Today, college after college, urban and rural, from the tiniest liberal-arts institution to the sprawling research university, is pitching itself as a driver of economic revitalization, its region’s greatest competitive asset. Universities’ very presence, the rhetoric seems to suggest, can spur a metamorphosis from decaying factory town to 21st-century knowledge hub.
At a time when the dominant narrative casts the value of college in purely personal terms — an advantage that accrues to the individual graduate — the economic-development pitch comes off as refreshingly retrograde, a throwback. It posits the university as a benefit to the broader community, not just the collegegoer. It’s one last go at the public-good case for higher education.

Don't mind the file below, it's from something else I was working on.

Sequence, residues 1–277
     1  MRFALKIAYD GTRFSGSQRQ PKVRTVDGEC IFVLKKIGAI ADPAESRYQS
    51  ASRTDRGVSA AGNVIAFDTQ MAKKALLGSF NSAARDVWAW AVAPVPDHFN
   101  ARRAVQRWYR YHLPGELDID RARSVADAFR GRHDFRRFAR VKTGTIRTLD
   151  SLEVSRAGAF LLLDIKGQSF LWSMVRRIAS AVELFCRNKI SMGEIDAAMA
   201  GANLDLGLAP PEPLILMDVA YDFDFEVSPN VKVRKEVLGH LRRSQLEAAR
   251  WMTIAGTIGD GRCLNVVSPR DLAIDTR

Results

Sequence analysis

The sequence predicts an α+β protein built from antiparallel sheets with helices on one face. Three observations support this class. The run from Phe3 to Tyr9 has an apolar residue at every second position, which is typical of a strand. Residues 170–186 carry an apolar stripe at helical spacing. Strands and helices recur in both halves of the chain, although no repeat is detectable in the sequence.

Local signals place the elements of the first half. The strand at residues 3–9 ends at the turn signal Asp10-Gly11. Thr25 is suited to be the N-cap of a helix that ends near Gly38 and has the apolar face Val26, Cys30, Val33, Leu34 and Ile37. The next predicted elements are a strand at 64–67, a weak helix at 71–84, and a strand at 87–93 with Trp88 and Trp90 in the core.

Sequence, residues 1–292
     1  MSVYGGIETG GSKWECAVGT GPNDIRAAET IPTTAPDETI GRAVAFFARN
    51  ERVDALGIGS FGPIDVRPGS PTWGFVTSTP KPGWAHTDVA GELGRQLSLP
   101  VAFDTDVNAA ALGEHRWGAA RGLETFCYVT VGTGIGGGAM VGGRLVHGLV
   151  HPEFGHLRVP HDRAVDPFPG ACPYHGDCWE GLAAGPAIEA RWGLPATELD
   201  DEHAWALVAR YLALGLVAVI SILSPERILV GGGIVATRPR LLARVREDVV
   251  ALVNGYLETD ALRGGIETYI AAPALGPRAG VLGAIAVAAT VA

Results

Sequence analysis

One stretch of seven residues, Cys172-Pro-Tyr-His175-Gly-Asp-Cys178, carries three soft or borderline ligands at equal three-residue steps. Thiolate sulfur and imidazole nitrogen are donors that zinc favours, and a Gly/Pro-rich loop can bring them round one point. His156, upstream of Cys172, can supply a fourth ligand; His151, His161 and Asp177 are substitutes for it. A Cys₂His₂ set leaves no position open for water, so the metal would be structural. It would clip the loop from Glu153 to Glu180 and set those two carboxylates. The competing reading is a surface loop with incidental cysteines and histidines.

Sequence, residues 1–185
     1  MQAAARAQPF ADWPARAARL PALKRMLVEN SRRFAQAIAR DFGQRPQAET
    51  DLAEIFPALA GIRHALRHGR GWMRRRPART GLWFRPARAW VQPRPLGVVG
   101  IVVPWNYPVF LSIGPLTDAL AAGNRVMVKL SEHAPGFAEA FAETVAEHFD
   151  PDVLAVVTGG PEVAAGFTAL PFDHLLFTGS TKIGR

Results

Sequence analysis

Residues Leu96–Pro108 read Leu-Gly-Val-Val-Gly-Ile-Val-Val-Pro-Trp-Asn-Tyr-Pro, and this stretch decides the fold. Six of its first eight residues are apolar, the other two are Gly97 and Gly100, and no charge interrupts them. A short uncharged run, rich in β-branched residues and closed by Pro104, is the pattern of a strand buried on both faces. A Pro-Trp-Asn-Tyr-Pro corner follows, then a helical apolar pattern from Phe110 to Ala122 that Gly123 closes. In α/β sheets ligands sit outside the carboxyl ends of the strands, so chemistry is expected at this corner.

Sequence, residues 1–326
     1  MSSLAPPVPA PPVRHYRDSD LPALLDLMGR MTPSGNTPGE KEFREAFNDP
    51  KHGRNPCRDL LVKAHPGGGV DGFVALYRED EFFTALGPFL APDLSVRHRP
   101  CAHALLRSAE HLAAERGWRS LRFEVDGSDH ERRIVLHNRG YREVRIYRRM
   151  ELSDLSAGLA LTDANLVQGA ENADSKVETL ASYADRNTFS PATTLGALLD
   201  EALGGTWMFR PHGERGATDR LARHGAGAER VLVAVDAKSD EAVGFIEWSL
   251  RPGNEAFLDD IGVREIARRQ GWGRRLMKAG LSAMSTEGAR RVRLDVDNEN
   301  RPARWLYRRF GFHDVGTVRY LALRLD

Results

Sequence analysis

And no wonder. State budgets have been tight. Hollowed out by the downturn, cities hope to harness every last economic asset. The economic-development argument “answers the question,” says Leslie Boney, vice president for international, community, and economic engagement at the University of North Carolina system, “what have you done for me lately?”
Or does it? The vision of universities as a causal force in the economic renaissance of cities and towns is an attractive one, no doubt. <Read more.>